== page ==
Tuesday, 6 March 2012

The Cycle of Life

Arboretum 6th March 2012
Having been preoccupied with other matters for a number of months, I've realised how much I've missed my walks in the park.

Today was a beautiful day: blue sky, bright sunshine, and quite warm, so I decided it was time to get back to the Arboretum.

After queuing behind too many students with too much money to spend (that's a bit judgmental isn't it? I apologise), I picked up my coffee from Costa's on Goldsmith Street (ideally placed for where I wanted to go), and headed for the park. My favourite bench was free, so I sat down and watched the world go by (actually this was about six people as the park was surprisingly quiet). Basking in the early afternoon sunshine, my mind turned to thoughts on the philosophy of life. Being me of course meant that none of these thoughts were particularly original.

Springing into life
The park was coming to life: bits of blossom here, a few buds there, and flowers poking their heads through the grassy slopes. How different this was from just a few weeks ago.

Where once there seemed only death, now there is vibrant life, and it will only get better. A young couple walked past with a visible glow on their faces. They were pushing a brand new pushchair, with a baby inside who couldn't have been more than a few weeks old.

My sister would have passed on about the same time that this baby was born, and so the cycle of life continues. None are exempt from being part of this cycle: our time is up, and we are replaced on this earth by someone else, and so it has ever been. Tragedy for some, and joy for others.

Sitting on that park bench and pondering the meaning of life, I thought how truly "classless" birth and death really are. Life sometimes can be dominated by class: does it exist, and if it does, where am I on the class ladder? But in birth and death none of that matters. The poorest and the richest persons in the world all appear in the same way; where they appear is of course very different, but the physical act of birth is the same for all. Similarly with death; where we die, be it a mansion or a gutter is of course different, but the physical expiration of life is the same. We are all united in birth and death, so don't you think that it's a great shame when this equality in between these two events is forgotten?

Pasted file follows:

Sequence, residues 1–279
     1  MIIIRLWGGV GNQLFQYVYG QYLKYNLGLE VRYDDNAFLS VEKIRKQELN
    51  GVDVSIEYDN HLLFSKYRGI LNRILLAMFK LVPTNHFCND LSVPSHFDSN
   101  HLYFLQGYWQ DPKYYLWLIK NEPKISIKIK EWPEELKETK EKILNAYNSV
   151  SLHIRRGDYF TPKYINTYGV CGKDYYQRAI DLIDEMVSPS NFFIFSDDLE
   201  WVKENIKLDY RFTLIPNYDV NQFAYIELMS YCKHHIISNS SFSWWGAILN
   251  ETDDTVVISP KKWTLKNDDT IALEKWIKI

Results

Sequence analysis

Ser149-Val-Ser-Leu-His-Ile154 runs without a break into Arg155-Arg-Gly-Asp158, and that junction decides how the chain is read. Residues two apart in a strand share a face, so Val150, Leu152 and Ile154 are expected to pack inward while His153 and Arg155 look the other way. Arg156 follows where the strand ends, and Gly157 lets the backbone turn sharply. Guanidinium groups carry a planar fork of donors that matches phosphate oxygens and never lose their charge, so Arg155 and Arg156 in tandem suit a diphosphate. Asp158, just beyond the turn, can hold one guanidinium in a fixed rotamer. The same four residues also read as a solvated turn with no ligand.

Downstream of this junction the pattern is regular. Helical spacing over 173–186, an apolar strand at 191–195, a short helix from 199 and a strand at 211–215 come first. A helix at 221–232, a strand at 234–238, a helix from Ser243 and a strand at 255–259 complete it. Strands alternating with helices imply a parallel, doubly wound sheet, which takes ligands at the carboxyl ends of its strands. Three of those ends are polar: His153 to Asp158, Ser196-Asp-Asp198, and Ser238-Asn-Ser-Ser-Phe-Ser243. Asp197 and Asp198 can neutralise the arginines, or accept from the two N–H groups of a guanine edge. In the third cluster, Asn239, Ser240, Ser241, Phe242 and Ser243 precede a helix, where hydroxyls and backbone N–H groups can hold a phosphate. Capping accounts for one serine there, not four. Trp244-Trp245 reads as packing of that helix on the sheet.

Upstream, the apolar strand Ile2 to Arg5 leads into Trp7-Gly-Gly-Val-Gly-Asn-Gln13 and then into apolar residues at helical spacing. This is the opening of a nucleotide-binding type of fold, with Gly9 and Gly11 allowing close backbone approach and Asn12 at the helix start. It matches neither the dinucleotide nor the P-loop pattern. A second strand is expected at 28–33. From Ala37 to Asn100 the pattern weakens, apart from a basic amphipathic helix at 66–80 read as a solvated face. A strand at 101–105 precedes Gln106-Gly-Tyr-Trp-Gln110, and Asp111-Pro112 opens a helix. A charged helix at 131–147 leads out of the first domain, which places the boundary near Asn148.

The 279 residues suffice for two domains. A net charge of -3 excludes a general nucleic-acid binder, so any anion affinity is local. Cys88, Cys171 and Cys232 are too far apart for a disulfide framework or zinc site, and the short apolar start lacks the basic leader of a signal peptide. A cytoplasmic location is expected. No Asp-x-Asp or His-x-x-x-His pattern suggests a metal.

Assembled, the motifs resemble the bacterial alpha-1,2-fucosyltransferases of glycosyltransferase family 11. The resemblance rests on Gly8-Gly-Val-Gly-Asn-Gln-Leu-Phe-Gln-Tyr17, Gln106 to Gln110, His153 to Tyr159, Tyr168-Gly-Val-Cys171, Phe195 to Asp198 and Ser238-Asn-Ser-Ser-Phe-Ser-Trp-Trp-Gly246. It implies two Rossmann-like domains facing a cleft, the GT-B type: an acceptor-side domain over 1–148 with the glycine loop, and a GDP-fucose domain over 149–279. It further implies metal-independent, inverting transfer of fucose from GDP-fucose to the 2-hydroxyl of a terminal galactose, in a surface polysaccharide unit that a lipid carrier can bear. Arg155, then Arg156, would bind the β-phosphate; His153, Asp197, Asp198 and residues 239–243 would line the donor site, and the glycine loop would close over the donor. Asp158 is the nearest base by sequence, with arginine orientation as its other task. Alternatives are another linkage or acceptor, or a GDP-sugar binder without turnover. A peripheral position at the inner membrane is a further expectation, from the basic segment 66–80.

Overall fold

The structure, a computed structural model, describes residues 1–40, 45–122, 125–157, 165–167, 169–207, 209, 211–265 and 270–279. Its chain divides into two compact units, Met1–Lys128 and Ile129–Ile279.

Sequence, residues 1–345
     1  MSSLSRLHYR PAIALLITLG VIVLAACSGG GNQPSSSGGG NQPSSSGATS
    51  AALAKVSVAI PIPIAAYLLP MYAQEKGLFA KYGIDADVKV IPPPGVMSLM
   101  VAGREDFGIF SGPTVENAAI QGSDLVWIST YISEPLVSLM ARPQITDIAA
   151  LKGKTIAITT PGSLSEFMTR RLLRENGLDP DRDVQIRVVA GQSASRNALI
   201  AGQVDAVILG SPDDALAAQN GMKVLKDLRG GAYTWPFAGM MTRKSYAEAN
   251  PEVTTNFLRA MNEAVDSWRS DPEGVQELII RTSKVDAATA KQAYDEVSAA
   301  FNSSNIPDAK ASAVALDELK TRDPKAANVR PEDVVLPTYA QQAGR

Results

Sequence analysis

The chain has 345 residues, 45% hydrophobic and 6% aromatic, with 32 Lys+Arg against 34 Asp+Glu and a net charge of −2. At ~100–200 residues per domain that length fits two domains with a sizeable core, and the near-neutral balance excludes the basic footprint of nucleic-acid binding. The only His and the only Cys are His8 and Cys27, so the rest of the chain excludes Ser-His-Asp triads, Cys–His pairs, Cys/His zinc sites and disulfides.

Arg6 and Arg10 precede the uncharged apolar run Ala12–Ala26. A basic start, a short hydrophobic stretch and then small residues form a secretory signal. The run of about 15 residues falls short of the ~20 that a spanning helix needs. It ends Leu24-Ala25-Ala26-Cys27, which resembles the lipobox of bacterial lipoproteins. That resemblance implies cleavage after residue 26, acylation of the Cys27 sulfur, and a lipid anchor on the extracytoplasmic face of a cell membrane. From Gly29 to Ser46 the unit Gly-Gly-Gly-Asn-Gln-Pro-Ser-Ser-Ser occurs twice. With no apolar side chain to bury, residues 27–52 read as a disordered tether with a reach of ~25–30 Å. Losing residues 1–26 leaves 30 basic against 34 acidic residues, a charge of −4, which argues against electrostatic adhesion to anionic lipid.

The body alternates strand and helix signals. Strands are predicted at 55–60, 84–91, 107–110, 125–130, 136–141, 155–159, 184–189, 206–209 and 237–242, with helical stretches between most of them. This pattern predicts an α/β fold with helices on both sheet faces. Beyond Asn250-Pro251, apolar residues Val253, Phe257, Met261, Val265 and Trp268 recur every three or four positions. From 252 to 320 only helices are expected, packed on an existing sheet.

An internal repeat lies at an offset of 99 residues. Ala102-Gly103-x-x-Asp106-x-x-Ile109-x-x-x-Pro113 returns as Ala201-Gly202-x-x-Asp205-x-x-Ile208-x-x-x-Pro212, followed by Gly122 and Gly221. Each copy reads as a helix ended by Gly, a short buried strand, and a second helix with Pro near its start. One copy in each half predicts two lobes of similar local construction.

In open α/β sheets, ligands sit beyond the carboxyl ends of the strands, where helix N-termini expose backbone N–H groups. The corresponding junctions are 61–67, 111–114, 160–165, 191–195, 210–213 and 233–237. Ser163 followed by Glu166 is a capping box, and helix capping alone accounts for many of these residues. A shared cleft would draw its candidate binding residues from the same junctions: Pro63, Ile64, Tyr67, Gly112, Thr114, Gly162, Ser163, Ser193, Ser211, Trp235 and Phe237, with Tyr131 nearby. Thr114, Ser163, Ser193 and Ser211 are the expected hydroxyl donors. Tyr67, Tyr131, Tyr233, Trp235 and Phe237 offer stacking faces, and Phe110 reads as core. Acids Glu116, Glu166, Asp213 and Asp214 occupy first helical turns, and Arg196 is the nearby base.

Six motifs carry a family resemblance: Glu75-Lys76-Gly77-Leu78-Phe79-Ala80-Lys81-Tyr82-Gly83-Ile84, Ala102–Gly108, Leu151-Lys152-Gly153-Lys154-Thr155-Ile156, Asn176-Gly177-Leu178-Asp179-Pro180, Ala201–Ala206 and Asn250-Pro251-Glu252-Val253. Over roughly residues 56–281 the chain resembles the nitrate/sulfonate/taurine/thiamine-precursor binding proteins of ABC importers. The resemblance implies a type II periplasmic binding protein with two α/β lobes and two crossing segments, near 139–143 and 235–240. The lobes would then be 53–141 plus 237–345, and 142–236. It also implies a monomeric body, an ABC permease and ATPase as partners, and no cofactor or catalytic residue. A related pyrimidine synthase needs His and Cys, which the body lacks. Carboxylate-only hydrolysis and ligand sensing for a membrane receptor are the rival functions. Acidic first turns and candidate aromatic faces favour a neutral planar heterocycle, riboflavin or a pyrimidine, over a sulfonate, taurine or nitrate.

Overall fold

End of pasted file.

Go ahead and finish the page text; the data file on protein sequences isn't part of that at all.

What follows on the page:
Philosophers have written much over the centuries about the essence of life, with most of it being incomprehensible to the ordinary person. Others, however have captured something that is understandable.

The singer/songwriter, Seasick Steve wrote, "I came into this world with nothing, and I've still got most of it left". I think that he had a good perspective on life. For Reba McEntire, it was, "To succeed in life, you need three things: a wishbone, a backbone and a funny bone". While to Albert Einstein, "If A equals success, then the formula is: A = X + Y + Z, where X is work, Y is play, and Z is keep your mouth shut". 

How we live between the cradle and the grave is important, and as Mae West says, "You only live once, but if you do it right, once is enough". Human beings have many views on life, and often it's not related to one's social condition. Some are upbeat even when they're suffering in life, while others are downbeat, though they seem to have everything that others crave.

In my favourite TV programme of all time, The X-Files, the dialogue goes, "Life... is like a box of chocolates - a cheap, thoughtless, perfunctory gift that no one ever asks for, unreturnable because all you get back is another box of chocolates. So, you're stuck with mostly undefinable whipped mint crap, mindlessly wolfed down when there's nothing else to eat while you're watching the game. Sure, once in a while you get a peanut butter cup or an English toffee, but it's gone too fast and the taste is fleeting. In the end, you are left with nothing but broken bits filled with hardened jelly and teeth-shattering nuts, which, if you are desperate enough to eat, leaves nothing but an empty box of useless brown paper". How terrible it is to view life like this.

In 'Harry Potter and the Philosopher's Stone', J K Rowling wrote, "It does not do to dwell on dreams and forget to live". That's it isn't it? The part between birth and death is life. We can't do a lot about the beginning and the end, but we can about the piece in the middle. It too is part of the cycle of life. There is joy in birth, and sadness in death, but in a recent bereavement, I've learnt the comfort of Dr Seuss' words, "Don't cry because it's over, smile because it happened". 

Having just re-read this blog, I'm sure that my reader is asking, what the hell is he talking about? Hey, it's "philosophy", you're not supposed to understand it.

No comments:

Post a Comment